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The Ultimate Wallpaper Guide

Installation Questions and DIY tips

Unsightly wallpaper seams can be avoided by following the proper procedures for “booking” and smoothing wallpaper. “Booking” helps wallpaper to evenly absorb the moisture that activates the adhesive so you don’t have to worry about wallpaper shrinking up while it sets. A wallpaper smoothing tool should be used after you hang each strip. This will help the seams line up and smooth out the paper. A seam roller can also help seal and set wallpaper seams. It is important to know if you choose a grasscloth or natural fibre wallpaper, that seams will show because the natural fibres do not create perfect seams. This is actually a style choice and one reason why coverings like grasscloth are popular with decorators who are looking to create a natural and textured look in their space.

Before you begin any preparation or decoration work, it’s best to clear the room as much as you can. Move any items that need to stay into the centre of the room and cover them with dust sheets. Use dust sheets to protect the floor, too.

It’s also a wise move to soak the paper on the wall with hot water, as this makes it much easier to remove. You’ll find the water soaks in more easily if you cut the paper first by scoring it with the blade of a stripping knife, or you could run an orbital scorer over the surface. But make sure your stepladder is stable when you’re tackling the higher sections.


Walls almost always need some surface preparation before you can start painting. Even brand-new plaster needs sealing. You should fill any cracks and holes and make sure all surfaces are clean, smooth and dry. You can paint over emulsion-painted surfaces that are in good condition, but make certain you strip back or sand off any peeling paint.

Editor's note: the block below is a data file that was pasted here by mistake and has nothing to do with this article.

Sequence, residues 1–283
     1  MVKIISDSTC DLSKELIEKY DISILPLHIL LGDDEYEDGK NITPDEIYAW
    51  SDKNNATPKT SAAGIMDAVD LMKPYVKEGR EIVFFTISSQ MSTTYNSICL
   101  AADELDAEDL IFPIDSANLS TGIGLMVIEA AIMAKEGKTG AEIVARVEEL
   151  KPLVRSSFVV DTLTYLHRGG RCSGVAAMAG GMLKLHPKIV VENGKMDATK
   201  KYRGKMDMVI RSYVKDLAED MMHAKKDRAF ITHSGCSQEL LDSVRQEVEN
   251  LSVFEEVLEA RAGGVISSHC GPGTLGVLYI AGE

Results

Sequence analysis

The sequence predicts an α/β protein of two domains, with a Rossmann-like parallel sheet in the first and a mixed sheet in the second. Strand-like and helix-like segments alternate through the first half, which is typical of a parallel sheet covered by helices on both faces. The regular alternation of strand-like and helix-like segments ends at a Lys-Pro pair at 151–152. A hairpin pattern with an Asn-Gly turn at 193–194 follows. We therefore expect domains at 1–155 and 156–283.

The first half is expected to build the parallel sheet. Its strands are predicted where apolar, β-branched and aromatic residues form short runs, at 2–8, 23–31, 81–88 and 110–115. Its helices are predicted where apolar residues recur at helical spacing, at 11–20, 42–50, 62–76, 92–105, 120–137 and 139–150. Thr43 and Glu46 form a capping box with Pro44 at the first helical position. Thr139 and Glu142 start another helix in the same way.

Safety first

Always wear a dust mask while you’re sanding. With old paint, there can be an extra risk of breathing in poisonous lead dust. If you’re in any doubt, use a simple lead testing kit. If there is lead, use a specially formulated liquid sander instead. It’s also a good idea to put on some safety goggles to protect your eyes.

Also remember to wear protective goggles and masks when cutting or sawing metal. Clear away all metal dust and small pieces before starting work again.


The difference between a good and bad paint job usually depends on how carefully you prepare the surface.

No paint can properly mask grubby or uneven surfaces, so make sure you remove any dirt, grease and loose or flaking material, fill any holes and repair defects. There may even be areas that need touching up on new surfaces.

Washing your surface

You should always wash a previously painted surface before painting over it. The less dirt or grease on a surface, the better your final paint job will look.

Grease, nicotine stains, children’s drawings and finger marks can all be taken off with sugar soap. Some sugar soaps come in a dissolvable powder or pre mixed liquid form.

Ensure you wear safety goggles and gloves when using sugar soap as it can irritate your skin.

Apply this with an old (clean) paintbrush or sponge, working into the surface as if you were washing the dishes. Leave the solution for a few minutes before rinsing off with clean tap water and sponge. Not only does the sugar soap clean the surface, it also provides a better surface for the paint to adhere to

In older houses, you still sometimes find distemper. This old-fashioned emulsion is often dusty or powdery to the touch, and rubs off as you wash the surface. It’s not a good idea to paint or wallpaper over it, as neither will stick. Instead, try to wash and scrape off as much as possible, and then seal the wall with a stabilising solution.